The results of this retrospective study identified 52,825 female patients, and among which 4,590 (8.7%) were pregnant or postpartum during the seven-year period. One hundred eighty pregnant and postpartum patients underwent mechanical thrombectomy for treatment of acute ischemic stroke.
Points highlighted in their results include:
1. In comparison with non-pregnant female patients treated with mechanical thrombectomy, they experienced lower rates of both intracranial hemorrhage and a poor functional outcome at discharge. The multivariable analysis adjusting for age, illness severity and stroke severity demonstrated that the pregnant and postpartum patients were associated with lower likelihood of developing intracranial hemorrhage. This is in contrast with the previous multicenter retrospective study that showed increased symptomatic intracranial hemorrhage following treatment with intravenous thrombolysis. They explained that their present analysis cannot distinguish between symptomatic and asymptomatic hemorrhage due to inability of billing codes, a younger cohort, and the presence of lesser burden of comorbid conditions.
2. Severe acute ischemic stroke patients experience progressive neurological deterioration due to progression of stroke and/or complications of reperfusion therapy. Decompressive hemicraniectomy is often performed in the setting of mechanical thrombectomy failure. Thus, their analysis demonstrated that there was a concurrent decrease in hemicraniectomy. Their finding paralleled national trends in year 2019 study that evaluated thrombectomy and decompressive hemicraniectomy for acute ischemic stroke patients in which upon the increased utilization of mechanical thrombectomy, there was a decrease in hemicraniectomy rates.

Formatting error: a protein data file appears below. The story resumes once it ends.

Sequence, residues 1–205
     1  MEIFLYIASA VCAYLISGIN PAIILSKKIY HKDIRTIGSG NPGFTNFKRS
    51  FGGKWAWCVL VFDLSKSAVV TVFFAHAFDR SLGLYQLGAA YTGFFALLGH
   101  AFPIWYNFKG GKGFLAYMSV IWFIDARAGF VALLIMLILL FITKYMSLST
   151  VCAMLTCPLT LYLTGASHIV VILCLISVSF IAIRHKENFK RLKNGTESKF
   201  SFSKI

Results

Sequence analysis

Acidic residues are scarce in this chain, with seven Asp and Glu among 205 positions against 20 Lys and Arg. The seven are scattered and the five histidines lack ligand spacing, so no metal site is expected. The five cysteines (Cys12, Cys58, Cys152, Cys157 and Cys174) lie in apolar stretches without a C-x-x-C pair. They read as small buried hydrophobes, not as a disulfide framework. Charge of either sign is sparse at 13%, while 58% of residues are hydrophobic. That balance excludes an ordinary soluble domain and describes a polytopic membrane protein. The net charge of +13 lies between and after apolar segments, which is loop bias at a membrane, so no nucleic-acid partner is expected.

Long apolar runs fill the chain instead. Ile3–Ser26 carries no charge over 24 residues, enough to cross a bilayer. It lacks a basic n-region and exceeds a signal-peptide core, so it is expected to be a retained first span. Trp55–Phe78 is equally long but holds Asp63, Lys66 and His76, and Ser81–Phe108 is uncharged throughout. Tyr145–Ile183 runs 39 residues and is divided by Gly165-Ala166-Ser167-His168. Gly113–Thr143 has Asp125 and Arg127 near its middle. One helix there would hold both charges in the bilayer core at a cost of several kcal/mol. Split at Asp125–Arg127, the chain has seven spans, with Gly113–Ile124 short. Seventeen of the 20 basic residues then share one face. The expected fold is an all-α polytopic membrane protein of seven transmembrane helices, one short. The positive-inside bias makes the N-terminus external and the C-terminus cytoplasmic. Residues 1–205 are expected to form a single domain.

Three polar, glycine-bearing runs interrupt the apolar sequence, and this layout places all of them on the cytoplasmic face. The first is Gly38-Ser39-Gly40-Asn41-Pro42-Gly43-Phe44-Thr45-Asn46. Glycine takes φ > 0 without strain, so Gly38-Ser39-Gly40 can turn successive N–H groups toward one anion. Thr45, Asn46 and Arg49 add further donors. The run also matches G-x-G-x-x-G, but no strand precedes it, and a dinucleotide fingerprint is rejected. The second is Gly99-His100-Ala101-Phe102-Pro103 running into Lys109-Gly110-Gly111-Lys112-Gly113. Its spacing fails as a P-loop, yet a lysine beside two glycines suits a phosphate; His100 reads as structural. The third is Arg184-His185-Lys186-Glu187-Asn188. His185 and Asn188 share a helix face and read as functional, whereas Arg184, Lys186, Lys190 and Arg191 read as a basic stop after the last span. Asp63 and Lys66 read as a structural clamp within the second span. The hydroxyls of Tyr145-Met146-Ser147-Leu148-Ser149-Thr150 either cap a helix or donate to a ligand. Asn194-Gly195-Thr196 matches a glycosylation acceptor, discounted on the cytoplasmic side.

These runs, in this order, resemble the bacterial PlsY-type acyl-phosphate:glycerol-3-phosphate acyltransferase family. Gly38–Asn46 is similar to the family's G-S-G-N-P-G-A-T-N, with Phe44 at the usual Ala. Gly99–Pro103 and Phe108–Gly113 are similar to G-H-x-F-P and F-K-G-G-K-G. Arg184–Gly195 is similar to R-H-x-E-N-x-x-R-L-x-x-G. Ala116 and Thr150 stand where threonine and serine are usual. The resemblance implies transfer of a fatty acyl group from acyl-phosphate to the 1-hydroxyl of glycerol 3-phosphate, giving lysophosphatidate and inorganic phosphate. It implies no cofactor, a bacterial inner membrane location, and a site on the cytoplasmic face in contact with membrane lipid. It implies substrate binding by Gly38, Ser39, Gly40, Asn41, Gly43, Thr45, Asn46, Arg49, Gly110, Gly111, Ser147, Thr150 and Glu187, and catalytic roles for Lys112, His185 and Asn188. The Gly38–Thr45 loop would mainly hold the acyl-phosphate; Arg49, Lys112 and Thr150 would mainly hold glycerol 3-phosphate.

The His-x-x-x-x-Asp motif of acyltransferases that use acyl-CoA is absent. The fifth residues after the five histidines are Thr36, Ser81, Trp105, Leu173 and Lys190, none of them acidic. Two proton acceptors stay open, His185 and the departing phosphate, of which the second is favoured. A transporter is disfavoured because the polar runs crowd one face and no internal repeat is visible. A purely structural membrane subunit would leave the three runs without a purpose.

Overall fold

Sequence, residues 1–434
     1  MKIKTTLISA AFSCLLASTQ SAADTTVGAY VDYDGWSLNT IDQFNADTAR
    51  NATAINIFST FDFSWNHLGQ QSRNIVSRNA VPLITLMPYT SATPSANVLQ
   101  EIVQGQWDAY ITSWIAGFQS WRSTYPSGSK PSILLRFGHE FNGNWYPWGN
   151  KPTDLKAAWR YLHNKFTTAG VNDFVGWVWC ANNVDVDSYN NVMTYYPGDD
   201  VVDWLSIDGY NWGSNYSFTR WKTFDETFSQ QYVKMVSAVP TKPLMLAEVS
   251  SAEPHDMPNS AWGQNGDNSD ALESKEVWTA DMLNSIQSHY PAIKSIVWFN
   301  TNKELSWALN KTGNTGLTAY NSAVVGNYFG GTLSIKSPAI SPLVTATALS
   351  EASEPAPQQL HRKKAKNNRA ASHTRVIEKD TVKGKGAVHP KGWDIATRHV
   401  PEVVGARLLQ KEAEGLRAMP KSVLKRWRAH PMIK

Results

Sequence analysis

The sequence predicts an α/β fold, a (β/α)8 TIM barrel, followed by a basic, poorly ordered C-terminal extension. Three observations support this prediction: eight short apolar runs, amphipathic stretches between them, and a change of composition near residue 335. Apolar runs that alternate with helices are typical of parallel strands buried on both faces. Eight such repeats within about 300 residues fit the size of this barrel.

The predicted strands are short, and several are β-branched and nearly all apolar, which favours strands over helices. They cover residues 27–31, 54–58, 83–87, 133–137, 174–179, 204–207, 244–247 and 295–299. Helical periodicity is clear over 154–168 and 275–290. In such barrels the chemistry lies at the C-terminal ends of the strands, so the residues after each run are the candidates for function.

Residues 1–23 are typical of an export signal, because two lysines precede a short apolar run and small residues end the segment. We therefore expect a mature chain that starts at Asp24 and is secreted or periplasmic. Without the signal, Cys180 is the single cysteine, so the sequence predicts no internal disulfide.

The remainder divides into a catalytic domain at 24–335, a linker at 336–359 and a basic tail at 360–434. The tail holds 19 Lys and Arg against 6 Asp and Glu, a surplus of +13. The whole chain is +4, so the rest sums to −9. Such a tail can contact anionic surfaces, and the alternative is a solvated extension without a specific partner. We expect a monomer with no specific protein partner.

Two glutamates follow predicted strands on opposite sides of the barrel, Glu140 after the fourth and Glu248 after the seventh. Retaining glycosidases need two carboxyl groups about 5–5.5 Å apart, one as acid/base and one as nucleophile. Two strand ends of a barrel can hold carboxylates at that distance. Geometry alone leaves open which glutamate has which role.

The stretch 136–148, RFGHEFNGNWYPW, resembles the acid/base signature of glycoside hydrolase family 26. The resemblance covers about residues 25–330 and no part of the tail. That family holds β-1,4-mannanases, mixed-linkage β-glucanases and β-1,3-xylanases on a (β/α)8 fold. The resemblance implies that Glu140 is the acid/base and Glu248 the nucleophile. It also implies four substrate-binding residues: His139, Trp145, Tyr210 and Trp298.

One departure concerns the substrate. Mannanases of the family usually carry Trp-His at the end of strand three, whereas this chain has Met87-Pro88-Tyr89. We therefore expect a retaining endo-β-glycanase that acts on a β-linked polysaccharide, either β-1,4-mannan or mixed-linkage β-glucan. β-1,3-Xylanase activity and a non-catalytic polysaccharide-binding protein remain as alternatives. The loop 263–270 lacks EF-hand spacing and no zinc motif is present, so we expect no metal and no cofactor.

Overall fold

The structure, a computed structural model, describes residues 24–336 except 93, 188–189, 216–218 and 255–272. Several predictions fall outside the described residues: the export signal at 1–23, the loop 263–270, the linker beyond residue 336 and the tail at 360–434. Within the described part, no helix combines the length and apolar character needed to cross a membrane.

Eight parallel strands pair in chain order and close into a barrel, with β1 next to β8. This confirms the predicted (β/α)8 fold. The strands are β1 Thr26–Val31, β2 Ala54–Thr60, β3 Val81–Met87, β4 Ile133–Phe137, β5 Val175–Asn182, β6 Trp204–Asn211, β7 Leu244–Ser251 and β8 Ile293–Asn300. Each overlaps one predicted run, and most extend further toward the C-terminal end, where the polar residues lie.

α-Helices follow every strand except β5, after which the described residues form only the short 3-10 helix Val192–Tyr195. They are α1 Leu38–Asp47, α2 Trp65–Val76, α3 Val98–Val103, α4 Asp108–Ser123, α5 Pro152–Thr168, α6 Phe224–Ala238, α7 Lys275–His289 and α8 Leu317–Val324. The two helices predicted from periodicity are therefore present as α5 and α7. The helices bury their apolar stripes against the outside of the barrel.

3. Pregnant and postpartum women treated with mechanical thrombectomy are already hypercoagulable, and general immobility complicates discharge and hospital state. Additional vigilance is necessary to keep a monitor for thromboembolic complications.
Additionally, limitations of the study identified by the authors include: the reliance on a database, billing codes rather than clinical data, and the inability to identify the patients who were ineligible for thrombectomy at presentation or the rate at which eligible patients were offered endovascular therapy. Also, there may be inconsistency with the use of these. There is an inability of such a study to demonstrate causation with regard to treatment modality and outcome.
Despite these limitations, as involvement of this particular subgroup of patients is a challenge to include in clinical trials, these results suggest that endovascular thrombectomy is viable and safe as first-line therapy in the setting of pregnancy and the postpartum period.